Monday, September 19, 2016

Derwent Art Prize 2016 - Prizewinners

A pencil drawing about "Refugees" by Agim Sulaj has won the £6,000 First prize in the Derwent Prize 2016, sponsored by Derwent Pencils.

Prizewinners received their prizes from Eileen Cooper RA, Keeper of the Royal Academy at the Awards Ceremony at the Mall Galleries this evening where the exhibition is being held all this week.

Derwent Art Prizewinners 2016
Left to right: Tim Wright (3rd Prize), Lee Wagstaff (2nd Prize), Apple Wong Hiu Fung (Young Artist Award), Angharad Pelling (UKCPS Award), Astri Thomas-Saunders (Marketing Manager, Derwent) Agim Sulaj (First Prize) and Eileen Cooper RA, Keeper of the Royal Academy - who awarded the prizes
Other prizewinners and their artwork can be found below together with more about Agim Sulaj.

The scope of the works in the Derwent Art Prize exhibition are determined by the terms and conditions and the judging panel
The work entered must be created in pencil (including water-soluble, pastel, graphite, charcoal or coloured pencils). The work must not exceed 182cms in its greatest dimension. There is no minimum size limit. The Prize is open to both 2 dimensional and 3 dimensional works. All entered work must have been completed within the last 3 years.
Overall, in my opinion this is the best Derwent Art Prize exhibition yet - and I'll be writing more about it later this week.

The most noticeable difference this year is that all the main prizewinners are well established artists with a considerable body of work who work in pencil in addition to work in other media.

View of some of the work in the North Gallery
It's very definitely well worth a visit to the Mall Galleries this week where the exhibition can be seen in the North Gallery until 24 September 2016. Not least because it's a fabulous week for exhibitions associated with art competitions - with
You can also see all the shortlisted works being exhibited this week online - although I can emphatically say you need to visit the gallery to really appreciate the work.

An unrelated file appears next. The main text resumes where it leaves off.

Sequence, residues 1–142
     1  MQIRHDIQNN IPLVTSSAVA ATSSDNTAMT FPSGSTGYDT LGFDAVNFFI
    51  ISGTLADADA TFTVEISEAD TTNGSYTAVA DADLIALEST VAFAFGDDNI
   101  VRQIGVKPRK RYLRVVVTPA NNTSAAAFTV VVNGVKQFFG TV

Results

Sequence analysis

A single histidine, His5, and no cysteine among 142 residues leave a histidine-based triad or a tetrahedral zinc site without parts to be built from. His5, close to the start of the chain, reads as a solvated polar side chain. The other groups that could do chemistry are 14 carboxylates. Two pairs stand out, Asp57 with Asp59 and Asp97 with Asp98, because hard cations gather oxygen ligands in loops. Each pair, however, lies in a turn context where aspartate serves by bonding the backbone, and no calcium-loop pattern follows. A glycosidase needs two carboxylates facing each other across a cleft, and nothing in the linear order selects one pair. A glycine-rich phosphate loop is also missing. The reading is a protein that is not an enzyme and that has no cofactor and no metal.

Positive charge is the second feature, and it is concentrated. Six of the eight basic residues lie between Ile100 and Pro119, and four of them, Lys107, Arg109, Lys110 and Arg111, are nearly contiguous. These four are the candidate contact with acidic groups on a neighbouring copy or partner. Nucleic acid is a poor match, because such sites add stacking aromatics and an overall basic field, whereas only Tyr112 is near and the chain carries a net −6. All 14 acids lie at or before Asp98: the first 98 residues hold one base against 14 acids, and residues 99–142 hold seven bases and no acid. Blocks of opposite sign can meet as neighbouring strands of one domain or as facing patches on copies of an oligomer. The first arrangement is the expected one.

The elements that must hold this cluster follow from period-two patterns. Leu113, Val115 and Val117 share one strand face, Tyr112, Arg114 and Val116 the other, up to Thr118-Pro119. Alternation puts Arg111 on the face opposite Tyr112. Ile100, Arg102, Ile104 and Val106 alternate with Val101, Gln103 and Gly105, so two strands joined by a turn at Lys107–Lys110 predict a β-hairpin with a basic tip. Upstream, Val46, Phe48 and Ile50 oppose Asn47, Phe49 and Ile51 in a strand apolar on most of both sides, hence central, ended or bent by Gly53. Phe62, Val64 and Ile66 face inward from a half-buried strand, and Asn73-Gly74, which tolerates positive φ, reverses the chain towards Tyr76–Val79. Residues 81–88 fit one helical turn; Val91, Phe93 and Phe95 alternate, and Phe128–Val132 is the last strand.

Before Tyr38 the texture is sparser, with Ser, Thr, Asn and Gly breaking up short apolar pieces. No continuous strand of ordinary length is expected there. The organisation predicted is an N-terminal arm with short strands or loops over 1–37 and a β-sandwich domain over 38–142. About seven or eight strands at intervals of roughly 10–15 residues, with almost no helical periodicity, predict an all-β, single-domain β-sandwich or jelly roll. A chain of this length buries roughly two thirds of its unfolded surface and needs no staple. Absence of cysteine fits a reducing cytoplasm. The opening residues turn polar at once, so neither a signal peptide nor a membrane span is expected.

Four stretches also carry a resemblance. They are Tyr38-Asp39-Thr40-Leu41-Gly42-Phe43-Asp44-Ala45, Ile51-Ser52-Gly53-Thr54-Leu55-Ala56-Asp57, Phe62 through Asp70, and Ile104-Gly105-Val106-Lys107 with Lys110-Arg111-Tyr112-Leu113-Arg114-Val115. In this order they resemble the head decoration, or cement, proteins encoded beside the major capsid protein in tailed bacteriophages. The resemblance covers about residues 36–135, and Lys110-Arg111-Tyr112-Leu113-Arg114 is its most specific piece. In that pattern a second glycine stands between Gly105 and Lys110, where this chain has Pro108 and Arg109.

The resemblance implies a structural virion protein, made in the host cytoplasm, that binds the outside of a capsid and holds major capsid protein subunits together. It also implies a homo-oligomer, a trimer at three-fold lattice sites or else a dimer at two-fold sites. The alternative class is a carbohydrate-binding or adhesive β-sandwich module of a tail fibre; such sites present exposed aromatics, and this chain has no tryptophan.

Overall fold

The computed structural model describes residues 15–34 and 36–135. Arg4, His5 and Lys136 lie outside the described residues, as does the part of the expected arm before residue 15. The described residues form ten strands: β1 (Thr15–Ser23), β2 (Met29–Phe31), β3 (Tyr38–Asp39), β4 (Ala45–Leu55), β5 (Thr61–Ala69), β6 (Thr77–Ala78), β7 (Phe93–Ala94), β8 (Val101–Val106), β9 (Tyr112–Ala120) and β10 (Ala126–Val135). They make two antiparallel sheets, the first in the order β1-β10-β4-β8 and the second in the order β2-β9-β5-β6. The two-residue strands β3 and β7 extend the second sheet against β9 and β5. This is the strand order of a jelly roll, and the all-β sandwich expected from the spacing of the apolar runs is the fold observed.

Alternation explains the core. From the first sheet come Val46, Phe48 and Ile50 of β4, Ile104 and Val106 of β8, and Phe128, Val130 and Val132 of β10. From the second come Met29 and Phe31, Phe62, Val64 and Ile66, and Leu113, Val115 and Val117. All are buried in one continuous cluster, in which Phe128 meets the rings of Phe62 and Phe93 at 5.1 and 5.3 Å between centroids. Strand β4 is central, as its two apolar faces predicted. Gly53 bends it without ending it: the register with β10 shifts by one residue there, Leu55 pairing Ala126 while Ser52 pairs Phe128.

About the Derwent Art Prizewinners

First Prize (£6,000) - Agim Sulaj

The winning work has huge impact visually - even more so when seen in the gallery where it is large (and unframed).

Agim Sulaj with his pencil drawing "Refugees"
graphite, 170x150 cms
I was convinced this work was going to be amongst the prizewinners when I first saw it in the Gallery on the website when the selected works were announced - given both its topicality and the strength of the visual image.

The capsizing of the boat full of immigrants reminded me of Turner's The Wreck of a Transport Ship. It certainly seems to me to be a contemporary reworking of a recurrent image in art across the centuries - relating to the potential vulnerability of those who take to the sea. Made more poignant by the fact no immigrant would choose the journey if they had any other option.
Bitingly political, his work has captured the imaginations and consciousness of audiences across Europe, Africa, South America and the Middle East.
b. 1960 in Tirana in Albania; now lives in ItalyEducation: 1985 Graduated from the Academy of Fine Arts in Tirana (Albania)
Practice: He creates paintings, cartoons and illustrations. Immigration has been a recurrent theme of his work.
Exhibitions: Widely exhibited throughout the world since 1979.
Prizes: an award-winning artist who was winning prizes before he graduated and has continued to do so consistently ever since.

Agim Sulaj said about his work
"This work is dedicated to the refugee drama; the people who are in search of a better life often find a tragic ending. Their dreams drown in the big immigration vortex. As the author of this work, I have experienced immigration when I moved to Italy many years ago, where I faced the harsh reality and the difficulty of adapting to the new “world”, where your best friends are the drawing table and the painting brushes. "
Those of us who attended the Awards Ceremony won't forget his reaction to winning the award in a hurry!

Second Prize (£3,500) - Lee Wagstaff

Second Prize: Evil by Lee Wagstaff
Graphite, 100 x 100 cms

Lee Wagstaff won the Second Prize of £3,500 for Evil - a work in graphite on a fine canvas.  He previously exhibited in the Derwent art Prize 2013.

b. 1969 in London. Now based in Essex.
Education and studies: MA Royal College of Art, London, England (1998-2000); Kyoto City University of Art, Kyoto, Japan (1999); Currently undertaking a Ph.D at the Royal College of Art, London (2013 - date)